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CS916 Social Informatics

CS916 15 CATS (7.5 ECTS) Term 2

Availability

Option - MSc Computer Science, MSc Data Analytics

Prerequisites

None.

Academic Aims

The aim is to combine perspectives and methods of enquiry drawn from disciplines such as Psychology and Sociology with the tools, techniques and technologies of Computer Science to create an approach to of digital systems’ design and innovation that is both relevant and practical.

Learning Outcomes

By the end of the module the student should be able to:

  • Demonstrate, in writing, knowledge of issues and problems in social informatics.
  • Demonstrate understanding of issues impacting on uptake of digital systems and innovations by diagnosing problems in relations between technologies and use in a range of application domains.

  • Apply appropriate principles and methodologies to address challenges in the design and deployment of novel digital systems.
  • Show confidence in handling different disciplinary perspectives on social informatics and ability to apply them to solve design and deployment challenges.
  • Devise, plan and execute requirements investigations and evaluation studies from a social informatics perspective, and present findings in a clear and effective manner.
  • Demonstrate awareness of current areas of research in social informatics by locating and summarising examples of recent controversies and progress.

Content

  • Background: development and scope of social informatics; practical goals.
  • Understanding individual behaviour: perception, memory and action.
  • Modelling human interaction with digital systems.
  • Design methodologies and notations.
  • Techniques and technologies: dialogue styles, information visualisation.
  • Designer-user relations: iteration, prototyping.
  • Evaluation: formative and summative; performance and learnability.
  • Mobile computing and devices: novel interfaces; ubiquitous computing.
  • Organisational factors: understanding the workplace; resistance; dependability.
  • Innovation processes at scale: social shaping of IT, actor-network theory, co-production.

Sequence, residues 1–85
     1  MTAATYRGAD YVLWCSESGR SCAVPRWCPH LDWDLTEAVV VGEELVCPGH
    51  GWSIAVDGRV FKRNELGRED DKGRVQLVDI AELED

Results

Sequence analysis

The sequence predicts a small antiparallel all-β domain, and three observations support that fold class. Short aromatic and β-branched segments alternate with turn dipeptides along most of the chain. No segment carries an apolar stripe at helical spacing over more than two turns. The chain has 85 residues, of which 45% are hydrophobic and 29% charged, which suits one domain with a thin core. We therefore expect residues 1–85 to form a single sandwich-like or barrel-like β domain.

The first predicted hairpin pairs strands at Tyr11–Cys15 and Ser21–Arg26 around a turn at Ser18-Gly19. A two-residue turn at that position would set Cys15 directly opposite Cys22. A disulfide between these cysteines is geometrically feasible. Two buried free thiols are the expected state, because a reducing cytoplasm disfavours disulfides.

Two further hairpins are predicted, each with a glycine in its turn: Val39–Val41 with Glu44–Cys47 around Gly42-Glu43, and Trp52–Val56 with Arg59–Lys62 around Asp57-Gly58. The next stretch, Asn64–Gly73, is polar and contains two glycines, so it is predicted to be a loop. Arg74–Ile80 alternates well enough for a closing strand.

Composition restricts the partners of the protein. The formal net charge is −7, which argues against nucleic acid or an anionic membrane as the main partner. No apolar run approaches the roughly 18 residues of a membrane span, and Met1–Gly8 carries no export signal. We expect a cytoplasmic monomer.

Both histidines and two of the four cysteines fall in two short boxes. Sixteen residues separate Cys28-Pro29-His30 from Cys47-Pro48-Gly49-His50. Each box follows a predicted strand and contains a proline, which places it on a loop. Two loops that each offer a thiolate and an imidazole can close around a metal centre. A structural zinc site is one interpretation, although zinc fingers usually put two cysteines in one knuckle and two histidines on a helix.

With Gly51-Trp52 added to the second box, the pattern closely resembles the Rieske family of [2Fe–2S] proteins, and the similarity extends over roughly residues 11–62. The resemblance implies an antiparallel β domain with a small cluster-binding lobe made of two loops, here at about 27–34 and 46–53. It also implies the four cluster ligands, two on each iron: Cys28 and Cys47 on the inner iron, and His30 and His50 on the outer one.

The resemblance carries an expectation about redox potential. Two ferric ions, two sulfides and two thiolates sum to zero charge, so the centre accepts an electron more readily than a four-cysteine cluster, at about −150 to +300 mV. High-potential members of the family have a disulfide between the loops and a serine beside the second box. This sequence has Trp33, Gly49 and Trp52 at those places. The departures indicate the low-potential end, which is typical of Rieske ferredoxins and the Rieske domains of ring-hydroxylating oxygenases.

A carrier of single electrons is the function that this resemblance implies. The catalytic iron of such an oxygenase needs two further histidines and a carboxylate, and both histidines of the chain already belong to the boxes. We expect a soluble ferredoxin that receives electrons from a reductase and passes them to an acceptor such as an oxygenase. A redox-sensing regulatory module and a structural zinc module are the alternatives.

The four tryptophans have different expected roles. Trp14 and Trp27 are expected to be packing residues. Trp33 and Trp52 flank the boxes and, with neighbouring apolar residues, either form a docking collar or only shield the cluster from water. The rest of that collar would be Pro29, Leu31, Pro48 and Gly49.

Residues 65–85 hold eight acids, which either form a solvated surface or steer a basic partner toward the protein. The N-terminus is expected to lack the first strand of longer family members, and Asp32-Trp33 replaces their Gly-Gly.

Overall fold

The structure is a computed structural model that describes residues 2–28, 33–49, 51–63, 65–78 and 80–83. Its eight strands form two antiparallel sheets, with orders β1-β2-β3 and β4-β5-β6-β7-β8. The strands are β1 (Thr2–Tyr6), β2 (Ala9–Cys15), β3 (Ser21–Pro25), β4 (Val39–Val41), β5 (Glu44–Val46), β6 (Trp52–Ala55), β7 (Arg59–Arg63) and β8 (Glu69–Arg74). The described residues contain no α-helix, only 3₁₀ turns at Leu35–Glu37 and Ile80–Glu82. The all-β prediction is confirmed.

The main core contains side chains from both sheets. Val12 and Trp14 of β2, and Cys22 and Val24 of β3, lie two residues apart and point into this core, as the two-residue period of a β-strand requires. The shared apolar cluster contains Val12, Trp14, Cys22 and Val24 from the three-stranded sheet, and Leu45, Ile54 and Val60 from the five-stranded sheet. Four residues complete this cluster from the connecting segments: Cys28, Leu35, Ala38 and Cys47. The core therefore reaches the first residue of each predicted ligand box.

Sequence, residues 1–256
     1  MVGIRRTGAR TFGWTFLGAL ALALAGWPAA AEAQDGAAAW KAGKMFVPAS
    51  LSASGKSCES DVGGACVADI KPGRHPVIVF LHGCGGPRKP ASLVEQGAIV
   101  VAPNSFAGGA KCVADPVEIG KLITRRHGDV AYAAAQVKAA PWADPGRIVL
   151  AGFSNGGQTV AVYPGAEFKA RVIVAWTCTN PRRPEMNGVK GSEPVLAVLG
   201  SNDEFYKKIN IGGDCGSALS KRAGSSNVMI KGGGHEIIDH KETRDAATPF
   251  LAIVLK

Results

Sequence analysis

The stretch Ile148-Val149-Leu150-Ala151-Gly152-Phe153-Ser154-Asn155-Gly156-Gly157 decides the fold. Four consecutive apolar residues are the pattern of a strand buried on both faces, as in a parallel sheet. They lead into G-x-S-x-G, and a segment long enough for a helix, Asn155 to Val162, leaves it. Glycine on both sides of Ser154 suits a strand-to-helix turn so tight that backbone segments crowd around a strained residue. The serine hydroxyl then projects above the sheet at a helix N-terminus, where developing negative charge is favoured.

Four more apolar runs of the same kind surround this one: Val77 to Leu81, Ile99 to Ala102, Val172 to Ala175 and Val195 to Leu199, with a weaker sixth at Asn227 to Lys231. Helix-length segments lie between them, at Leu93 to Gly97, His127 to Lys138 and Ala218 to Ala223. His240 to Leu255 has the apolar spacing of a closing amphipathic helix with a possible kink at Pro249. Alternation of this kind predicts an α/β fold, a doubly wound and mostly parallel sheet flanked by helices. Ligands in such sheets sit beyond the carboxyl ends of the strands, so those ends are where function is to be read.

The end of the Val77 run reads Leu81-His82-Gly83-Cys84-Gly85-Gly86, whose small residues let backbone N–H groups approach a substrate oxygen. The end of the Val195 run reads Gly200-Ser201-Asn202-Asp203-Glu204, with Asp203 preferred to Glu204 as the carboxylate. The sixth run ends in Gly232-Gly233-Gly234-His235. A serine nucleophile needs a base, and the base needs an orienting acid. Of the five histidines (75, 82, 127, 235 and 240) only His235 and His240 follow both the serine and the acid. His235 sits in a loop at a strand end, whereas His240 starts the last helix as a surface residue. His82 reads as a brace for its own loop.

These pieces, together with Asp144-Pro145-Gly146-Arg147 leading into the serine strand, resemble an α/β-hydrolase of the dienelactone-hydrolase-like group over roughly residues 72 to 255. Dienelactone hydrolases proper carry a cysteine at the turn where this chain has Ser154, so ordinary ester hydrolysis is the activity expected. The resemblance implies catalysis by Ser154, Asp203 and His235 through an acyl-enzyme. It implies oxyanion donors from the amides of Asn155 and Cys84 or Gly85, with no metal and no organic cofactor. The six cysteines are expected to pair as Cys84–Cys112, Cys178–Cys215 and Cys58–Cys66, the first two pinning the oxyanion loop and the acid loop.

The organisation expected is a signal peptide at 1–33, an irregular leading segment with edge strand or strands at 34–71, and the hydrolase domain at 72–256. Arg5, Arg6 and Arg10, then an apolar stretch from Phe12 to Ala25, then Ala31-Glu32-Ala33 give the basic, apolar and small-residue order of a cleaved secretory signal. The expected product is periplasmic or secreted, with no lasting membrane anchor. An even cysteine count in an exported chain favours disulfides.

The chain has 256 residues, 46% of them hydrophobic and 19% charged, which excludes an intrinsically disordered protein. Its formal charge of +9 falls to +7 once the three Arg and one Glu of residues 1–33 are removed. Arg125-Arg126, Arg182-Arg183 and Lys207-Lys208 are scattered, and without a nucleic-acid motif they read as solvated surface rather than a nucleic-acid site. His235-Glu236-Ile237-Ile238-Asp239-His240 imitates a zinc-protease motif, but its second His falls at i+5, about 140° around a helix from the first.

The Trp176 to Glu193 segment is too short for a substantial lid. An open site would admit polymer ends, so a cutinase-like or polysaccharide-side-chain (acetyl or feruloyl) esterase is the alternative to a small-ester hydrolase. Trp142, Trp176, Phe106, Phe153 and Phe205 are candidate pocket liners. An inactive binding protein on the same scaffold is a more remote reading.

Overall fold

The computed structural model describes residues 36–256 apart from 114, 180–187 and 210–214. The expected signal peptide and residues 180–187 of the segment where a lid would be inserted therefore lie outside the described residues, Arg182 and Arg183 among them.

Books

  • Rogers Y. et al. Interaction Design: beyond human-computer interaction (4th Edition), Wiley
  • Beynon D. Designing Interactive Systems: A comprehensive guide to HCI, UX and interaction design (3rd edition). Pearson
  • Luff, P., Hindmarsh, J., & Heath, C. (Eds.). (2000). Workplace Studies: Recovering work practice and informing system design. Cambridge University Press.
  • Kling, R. (2007). What is social informatics and why does it matter? The Information Society, 23(4), 205-220.
  • Randall, D., Harper, R., & Rouncefield, M. (2007). Fieldwork for design: theory and practice. Springer.

Assessment

Two-hour examination (70%), group coursework (30%)

Teaching

20 one-hour lectures plus 10 one-hour seminars plus 8 one-hour workshops


Jalote P, Fault Tolerance in Distributed Systems, Prentice Hall, 1994.
Lynch N, Distributed Algorithms, Morgan Kauffman, 1996.
Gouda M, Elements of Network Protocol Design, John Wiley, 1998.
  • Background: development and scope of social informatics; practical goals.
  • Understanding individual behaviour: perception, memory and action.
  • Modelling human interaction with digital systems.
  • Design methodologies and notations.
  • Techniques and technologies: dialogue styles, information visualisation.
  • Designer-user relations: iteration, prototyping.
  • Evaluation: formative and summative; performance and learnability.
  • Mobile computing and devices: novel interfaces; ubiquitous computing.
  • Organisational factors: understanding the workplace; resistance; dependability.
Innovation processes at scale: social shaping of IT, actor-network theory, co-production.